As Chris begins his new role of Executive Director of the Office of Early College Programs, he is excited to bring his passion for education and high-quality curriculum and instruction, as well as his experience building robust and meaningful partnerships, to a nationally recognized program that he believes offers a critical and timely solution to ensuring that all Connecticut students have equitable access to a high-quality education.

Group photo at CT State Capital & Meeting

Fall 2021 Political Science ECE Instructor Workshop with fellow UConn ECE Instructors and Connecticut James Madison Memorial Fellowship Winners Jon McGlynn (’19) of Windsor High School, Michelle Pusser (’15) of AITE, and Kathleen Boland (’20) of Trumbull High School.


WHS POLS 1602 (Annual trip to the CT State Capital and meeting with Sen. Richard Blumenthal, Rep. Brandon McGee and Sec. of State Denise Merrill).



WHS Political Science 1602 Meeting with Sec. of State Denise Merrill


WHS Political Science 1602 learning about Oliver Ellsworth & The Constitutional Convention at the Oliver Ellsworth Homestead in Windsor, CT


WHS Political Science 1602 Meeting with Sec. of State Denise Merrill

Student group photo inside state capital building


Students talk with Sen. Richard Blumenthal


student group photo in front of CT state capital building

2022 UConn ECE Professional Recognition Award Winners

By Carissa Rutkauskas
The presentation of the 18th annual UConn Early College Experience Professional Recognition Awards, celebrating outstanding teachers and administrators, was successfully celebrated in a hybrid format this year. On April 28th, UConn ECE Staff, award winners, and their guests enjoyed a casual yet celebratory evening of appetizers, mingling, and collegiality as we were able to personally present the winners with their awards. “Thank you”speeches captured during the celebration were then added to pre-recorded and collected footage of our winners, to produce the UConn ECE Professional Recognition Awards Show, which premiered May 19th on the UConn ECE YouTube Channel.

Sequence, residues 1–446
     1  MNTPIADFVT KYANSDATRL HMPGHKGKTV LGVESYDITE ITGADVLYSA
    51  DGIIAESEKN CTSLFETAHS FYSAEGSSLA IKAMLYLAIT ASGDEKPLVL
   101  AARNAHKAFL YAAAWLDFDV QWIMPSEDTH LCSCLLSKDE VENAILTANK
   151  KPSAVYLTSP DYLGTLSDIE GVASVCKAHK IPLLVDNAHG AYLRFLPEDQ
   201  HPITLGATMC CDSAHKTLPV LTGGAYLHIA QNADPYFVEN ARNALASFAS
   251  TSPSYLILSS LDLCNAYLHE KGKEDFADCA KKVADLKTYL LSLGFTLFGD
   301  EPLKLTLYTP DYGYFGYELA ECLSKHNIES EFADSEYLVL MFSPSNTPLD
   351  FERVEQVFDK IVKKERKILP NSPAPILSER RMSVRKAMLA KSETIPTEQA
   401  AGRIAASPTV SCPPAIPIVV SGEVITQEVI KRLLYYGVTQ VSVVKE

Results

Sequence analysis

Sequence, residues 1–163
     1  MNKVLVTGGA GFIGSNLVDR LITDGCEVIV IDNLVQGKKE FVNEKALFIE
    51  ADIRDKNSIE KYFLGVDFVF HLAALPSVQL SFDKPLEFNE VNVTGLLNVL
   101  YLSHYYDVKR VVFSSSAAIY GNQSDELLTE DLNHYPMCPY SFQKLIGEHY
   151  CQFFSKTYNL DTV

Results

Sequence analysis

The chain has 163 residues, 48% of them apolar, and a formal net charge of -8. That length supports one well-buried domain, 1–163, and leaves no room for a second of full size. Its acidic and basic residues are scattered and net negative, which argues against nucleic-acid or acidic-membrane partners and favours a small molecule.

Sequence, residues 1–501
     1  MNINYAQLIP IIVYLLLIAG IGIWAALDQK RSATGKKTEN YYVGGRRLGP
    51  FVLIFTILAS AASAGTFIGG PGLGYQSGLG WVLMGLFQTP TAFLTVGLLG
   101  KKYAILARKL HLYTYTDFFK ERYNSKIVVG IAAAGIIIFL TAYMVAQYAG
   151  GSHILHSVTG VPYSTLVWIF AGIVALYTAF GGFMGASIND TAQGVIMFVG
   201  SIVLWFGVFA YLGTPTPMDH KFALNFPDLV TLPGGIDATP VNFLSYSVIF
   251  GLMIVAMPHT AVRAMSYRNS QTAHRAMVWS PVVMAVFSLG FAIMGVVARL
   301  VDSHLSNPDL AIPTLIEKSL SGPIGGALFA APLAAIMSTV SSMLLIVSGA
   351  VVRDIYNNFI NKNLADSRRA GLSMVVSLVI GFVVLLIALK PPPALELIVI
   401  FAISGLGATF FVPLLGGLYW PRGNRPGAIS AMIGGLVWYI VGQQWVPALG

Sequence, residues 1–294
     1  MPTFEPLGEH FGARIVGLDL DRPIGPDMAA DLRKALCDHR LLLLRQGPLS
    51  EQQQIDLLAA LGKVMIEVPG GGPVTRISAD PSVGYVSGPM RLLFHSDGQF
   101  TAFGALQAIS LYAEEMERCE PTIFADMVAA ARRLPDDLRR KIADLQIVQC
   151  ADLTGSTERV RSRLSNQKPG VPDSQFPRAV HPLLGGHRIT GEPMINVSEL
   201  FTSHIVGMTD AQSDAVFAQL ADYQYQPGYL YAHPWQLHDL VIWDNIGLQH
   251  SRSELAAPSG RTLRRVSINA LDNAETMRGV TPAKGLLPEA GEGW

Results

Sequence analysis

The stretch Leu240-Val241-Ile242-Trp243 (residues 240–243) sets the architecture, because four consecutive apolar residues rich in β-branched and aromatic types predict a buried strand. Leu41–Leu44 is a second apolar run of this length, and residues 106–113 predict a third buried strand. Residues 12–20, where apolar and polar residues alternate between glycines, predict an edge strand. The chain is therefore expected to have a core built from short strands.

The UConn Early College Experience community and the University of
Connecticut publicly recognize and thank outstanding instructors and
administrators whose dedication and commitment help make UConn ECE
successful. You have exceeded program expectations and excelled in preparing

your high school’s students for the next level in their education.


Maureen Vint at library desk
Maureen Vint, Library Media Specialist Nonnewaug High School Library Media Specialist Award for Excellence in Enrichment and Collaboration
Kristina Schule with pie
Kristina Schule Human Development and Family Sciences Greenwich High School “Rookie of the Year” Award for Excellence in First-Year Course Instruction
Karon McGovern portrait
Karon McGovern, American Studies New Fairfield High School Instructor Award for Excellence in Course Instruction
Christine Higgins headshot
Christine Higgins, German Wilton High School Instructor Award for Excellence in Course Instruction
Laura Francis on marine science field trip
Laura Francis, Marine Sciences Coginchaug Regional High School Instructor Award for Excellence in Course Instruction
Dan Cote headshot
Daniel Cote, Philosophy Christian Heritage School Instructor Award for Excellence in Course Instruction
Elizabeth C. with math themed Christmas sweater
Elizabeth Capobianco, Mathematics Trumbull High School Instructor Award for Excellence in Course Instruction
Karen R. headshot
Karen Risley, Site Representative Portland High School Site Representative Award for Excellence in Program Administration
Sean S. at graduation ceremony
Sean Tomany, Principal University High School of Science & Engineering Principal Award for Program Support & Advocacy
Anne Gebelein, Latino and Latin American Studies, UConn Thomas E. Recchio Faculty Coordinator Award for Academic Leadership 


Instructor of Distinction: Kevin Mariano

By Brian A. Boecherer


Q. How long at Plainfield High School?
A. I am currently in my 14th year of teaching, all at Plainfield High School.


Q. Which courses do you teach?
A. I co-teach the Social Studies side of American Studies with Ms. Laura Maher who teaches the English side. I also teach Modern World History (10th grade) and a self-designed course entitled “Dialogue and Rhetoric” for grades 9-12. This immersive class is designed for students to refine public speaking skills and build empathy with one another to create a safe environment to hold meaningful dialogue conversations and deliberate compromise in a civil way. I also coach our competitive Debate Team and am the Director of the Fall Drama and Spring Musical Theater